Forum for Science, Industry and Business

Sponsored by:     3M 
Search our Site:

 

Researchers look for ingredients of happiness around the world

30.06.2011
In 1943, American psychologist Abraham Maslow proposed that all humans seek to fulfill a hierarchy of needs, which he represented with a pyramid.

The pyramid's base, which he believed must come first, signified basic needs (for food, sleep and sex, for example). Safety and security came next, in Maslow's view, then love and belonging, then esteem and, finally, at the pyramid's peak, a quality he called "self-actualization." Maslow wrote that people who have these needs fulfilled should be happier than those who don't.

In a new study, researchers at the University of Illinois put Maslow's ideas to the test with data from 123 countries representing every major region of the world.

"Anyone who has ever completed a psychology class has heard of Abraham Maslow and his theory of needs," said University of Illinois professor emeritus of psychology Ed Diener, who led the study. "But the nagging question has always been: Where is the proof? Students learn the theory, but scientific research backing this theory is rarely mentioned."

The researchers turned to the Gallup World Poll, which conducted surveys in 155 countries from 2005 to 2010, and included questions about money, food, shelter, safety, social support, feeling respected, being self-directed, having a sense of mastery, and the experience of positive or negative emotions. Diener, a senior scientist for the Gallup Organization, helped design the survey.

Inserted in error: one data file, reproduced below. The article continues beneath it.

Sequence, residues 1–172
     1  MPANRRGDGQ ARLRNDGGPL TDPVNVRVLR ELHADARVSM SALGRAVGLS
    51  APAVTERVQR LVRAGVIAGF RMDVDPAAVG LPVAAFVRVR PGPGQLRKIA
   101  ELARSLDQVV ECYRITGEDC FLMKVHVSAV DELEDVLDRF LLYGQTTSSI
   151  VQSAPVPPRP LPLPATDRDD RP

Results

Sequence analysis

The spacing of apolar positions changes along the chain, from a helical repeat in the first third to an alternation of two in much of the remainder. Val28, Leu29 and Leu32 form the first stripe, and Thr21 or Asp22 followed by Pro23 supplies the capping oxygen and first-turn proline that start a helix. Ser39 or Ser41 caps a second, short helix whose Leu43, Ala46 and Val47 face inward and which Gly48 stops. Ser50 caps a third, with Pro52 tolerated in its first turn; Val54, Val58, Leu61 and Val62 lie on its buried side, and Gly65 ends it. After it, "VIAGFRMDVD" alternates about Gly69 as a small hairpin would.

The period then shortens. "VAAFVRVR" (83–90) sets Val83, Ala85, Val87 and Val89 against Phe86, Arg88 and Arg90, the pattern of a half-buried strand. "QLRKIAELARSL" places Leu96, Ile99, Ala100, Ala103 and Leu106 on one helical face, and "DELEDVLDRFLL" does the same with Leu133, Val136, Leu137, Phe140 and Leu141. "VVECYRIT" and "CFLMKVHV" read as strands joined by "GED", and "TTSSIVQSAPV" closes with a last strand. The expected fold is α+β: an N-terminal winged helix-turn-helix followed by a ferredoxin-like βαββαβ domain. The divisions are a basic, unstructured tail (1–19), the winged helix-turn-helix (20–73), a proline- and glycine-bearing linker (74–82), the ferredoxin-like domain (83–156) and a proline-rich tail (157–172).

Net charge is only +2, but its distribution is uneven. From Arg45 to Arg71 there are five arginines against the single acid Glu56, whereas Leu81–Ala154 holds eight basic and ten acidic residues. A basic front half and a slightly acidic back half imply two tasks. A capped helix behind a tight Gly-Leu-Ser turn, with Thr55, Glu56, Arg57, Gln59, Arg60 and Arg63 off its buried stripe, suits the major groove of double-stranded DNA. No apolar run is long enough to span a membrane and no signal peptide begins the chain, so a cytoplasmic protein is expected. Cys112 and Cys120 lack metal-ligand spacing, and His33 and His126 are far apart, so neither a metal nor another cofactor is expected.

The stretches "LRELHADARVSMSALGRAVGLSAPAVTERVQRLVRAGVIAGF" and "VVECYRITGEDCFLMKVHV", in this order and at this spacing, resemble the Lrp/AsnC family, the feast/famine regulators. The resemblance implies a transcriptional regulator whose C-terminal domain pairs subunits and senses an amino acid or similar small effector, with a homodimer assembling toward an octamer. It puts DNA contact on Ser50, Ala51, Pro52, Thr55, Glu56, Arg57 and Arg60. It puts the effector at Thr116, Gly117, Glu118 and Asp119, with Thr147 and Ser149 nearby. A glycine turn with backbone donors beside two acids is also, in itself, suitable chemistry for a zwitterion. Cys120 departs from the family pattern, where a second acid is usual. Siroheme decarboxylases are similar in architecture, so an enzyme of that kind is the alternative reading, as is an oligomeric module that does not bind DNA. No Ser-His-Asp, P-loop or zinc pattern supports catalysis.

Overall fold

The researchers found that fulfillment of a diversity of needs, as defined by Maslow, do appear to be universal and important to individual happiness. But the order in which "higher" and "lower" needs are met has little bearing on how much they contribute to life satisfaction and enjoyment, Diener said.

They also found that the fulfillment of more basic needs – for money, food or shelter, for example – was more closely linked to a positive life evaluation, the way an individual ranked his or her life on a scale from worst to best. The satisfaction of higher needs – for social support, respect, autonomy or mastery – was "more strongly related to enjoying life – having more positive feelings and less negative feelings," Diener said.

An important finding, Diener said, is that the research indicated that people have higher life evaluations when others in society also have their needs fulfilled.

"Thus life satisfaction is not just an individual affair, but depends substantially also on the quality of life of one's fellow citizens," he said.

"Our findings suggest that Maslow's theory is largely correct. In cultures all over the world the fulfillment of his proposed needs correlates with happiness," Diener said. "However, an important departure from Maslow's theory is that we found that a person can report having good social relationships and self-actualization even if their basic needs and safety needs are not completely fulfilled."

"Another revision of his theory is that we found that different needs produce different types of well-being," Diener said.

Editor's notes: To reach Ed Diener, email ediener@illinois.edu.

The paper, "Needs and Subjective Well-Being Around the World," in the Journal of Personality and Social Psychology, is available from the U. of I. News Bureau.

Diana Yates | EurekAlert!
Further information:
http://www.illinois.edu

More articles from Studies and Analyses: